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Messenger Imitation is a key part of the way humans learn. We can pick up new skills by observing others: Throughout human history, the capacity to learn through imitation may have helped our species thrive. Studies suggest that this can have surprising effects on our social interactions.
Being imitated can increase the trust you have in a total stranger, prompt you to give more to charity, and see you leaving a bigger tip at the end of your meal.
Imitating others seems easy. Young children can learn how to play a game by watching their peers. As adults, we can readily copy the gestures locals use in a foreign country. But the ease with which we can copy each other hides the complexities involved in translating the actions we see into actions we can do ourselves.
Getting this translation wrong — for instance, returning a smile with a frown — could have unintended social consequences. Scientists therefore consider imitation to be a sophisticated cognitive achievement, and for many years thought that the capacity to do it was unique to humans and other great apes.
Stick out your tongue So where does this ability to imitate come from? In an influential series of experiments conducted in the 70s and 80s, renowned developmental psychologists Andrew Meltzoff and M Keith Moore presented newborn infants — many just a few hours old — with adult models protruding their tongues and making different types of facial gestures, and recorded how often the babies reproduced each movement.
Infants appeared to produce more of a particular gesture when it matched the one being performed by the model — as if the infants were copying what they saw.
Since newborns have no opportunity to learn about the appearance of their expressions, these findings suggested a remarkable possibility: Similar experiments have since been attempted with other primate species.
Reports of neonatal imitation took the scientific community by storm, gaining widespread media coverage. As well as prompting much excitement, however, the results were also the source of huge controversy. For decades, sceptics have argued that studies only prove one thing for certain: But infants also stick out their tongue when engaged and excited — by music, tactile stimulation and colourful displays — making this behaviour notoriously difficult to interpret.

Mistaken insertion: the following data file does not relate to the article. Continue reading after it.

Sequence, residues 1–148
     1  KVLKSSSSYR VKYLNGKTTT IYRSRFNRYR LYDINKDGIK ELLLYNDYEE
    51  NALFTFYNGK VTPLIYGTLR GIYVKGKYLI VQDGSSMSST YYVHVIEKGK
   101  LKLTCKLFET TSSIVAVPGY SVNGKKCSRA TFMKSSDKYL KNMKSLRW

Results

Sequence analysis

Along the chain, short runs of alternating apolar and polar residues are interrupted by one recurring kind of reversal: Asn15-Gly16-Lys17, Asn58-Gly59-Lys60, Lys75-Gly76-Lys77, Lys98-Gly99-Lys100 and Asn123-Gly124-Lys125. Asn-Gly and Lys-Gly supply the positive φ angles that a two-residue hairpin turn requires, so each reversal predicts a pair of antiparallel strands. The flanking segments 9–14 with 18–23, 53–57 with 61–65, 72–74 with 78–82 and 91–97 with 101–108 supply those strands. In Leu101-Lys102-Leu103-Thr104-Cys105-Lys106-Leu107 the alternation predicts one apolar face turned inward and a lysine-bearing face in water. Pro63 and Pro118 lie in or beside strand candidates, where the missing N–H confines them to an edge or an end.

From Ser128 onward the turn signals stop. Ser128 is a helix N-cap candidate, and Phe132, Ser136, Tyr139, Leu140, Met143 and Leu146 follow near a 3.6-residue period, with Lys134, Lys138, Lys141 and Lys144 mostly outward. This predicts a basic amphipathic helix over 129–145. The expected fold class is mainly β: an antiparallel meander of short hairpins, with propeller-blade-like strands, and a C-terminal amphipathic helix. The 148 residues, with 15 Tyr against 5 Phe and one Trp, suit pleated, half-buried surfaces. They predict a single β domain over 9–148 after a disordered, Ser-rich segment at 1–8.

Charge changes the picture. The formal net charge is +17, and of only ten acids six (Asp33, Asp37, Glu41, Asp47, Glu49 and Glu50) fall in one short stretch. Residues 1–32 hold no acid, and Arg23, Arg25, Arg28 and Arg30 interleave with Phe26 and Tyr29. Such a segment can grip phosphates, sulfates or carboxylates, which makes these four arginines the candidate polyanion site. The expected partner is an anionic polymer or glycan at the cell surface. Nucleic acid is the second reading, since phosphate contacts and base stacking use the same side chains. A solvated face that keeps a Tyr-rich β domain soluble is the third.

Their results provide decisive evidence against the idea that newborns are born with the ability to imitate. The researchers exposed infants, each in their first week of life, to a wide range of actions made by adults such as mouth opening, happy and sad expressions, or the extension of an index finger.
Across all the actions, the researchers found no evidence that infants produced matching actions more often than non-matching ones.
Once again, infants did stick out their tongues when they saw an adult doing so, but they did so at a similar rate when observing an opening mouth or a sad face, highlighting how easy it is to mistake this behaviour for imitation.
Rather than being born with an innate ability to imitate, it therefore appears that human infants actually learn to imitate. And our parents may start teaching us to imitate long before we encounter mirrors.
While newborns may not imitate their caregivers, caregivers often imitate newborns. Later in life, many of our social rituals — dancing together, team sports, sharing meals — may serve to ingrain imitative behaviours further, giving us more correlated experience of performing an action and seeing the same movements performed by others.
When playing team sports, the actions we perform are closely related to those we observe. This raises the possibility that other species may be able to acquire the capacity for imitation given the right kind of social environment.
Startling support for this view came from experiments in the early s by Michael Tomasello, who observed that chimpanzees raised in the wild are unable to imitate, while those reared by humans often acquire this ability. Controlled experiments confirm that several other species, including dogscan also learn to imitate in environments rich in regular, matching feedback provided by humans.
Instead, the new findings of Oostenbroek and colleagues suggest that cultural forces can profoundly shape our psychology. Many of the abilities that define us may not reside in our DNA, but may instead have their roots in the societies around us.Their results provide decisive evidence against the idea that newborns are born with the ability to imitate.
The researchers exposed infants, each in their first week of life, to a wide range of actions made by adults such as mouth opening, happy and sad expressions, or the extension of an index finger. For decades, there have been studies suggesting that human babies are capable of imitating facial gestures, hand gestures, facial expressions, or vocal sounds right from their first weeks of life.
Aug 27, · The young child's ability to imitate the actions of others is an important mechanism for social learning—that is, for acquiring new knowledge.
For decades, most researchers have assumed that babies are born with an innate ability to mimic the actions of people around them — facial expressions, gestures, and so on. Do people feel a discussion on babies ability to mimic facial expressions appreciated. which are apparently 3D-generated emojis which the importance of education and the other wes moore will sync with facial a discussion on babies ability to mimic facial expressions.
In another experiment, mothers showed their week-old infants expressions of happiness, sadness, and anger. In many cases, the babies responded to these expressions by copying them, mirroring back their mothers' expressions of happiness, sadness, and anger.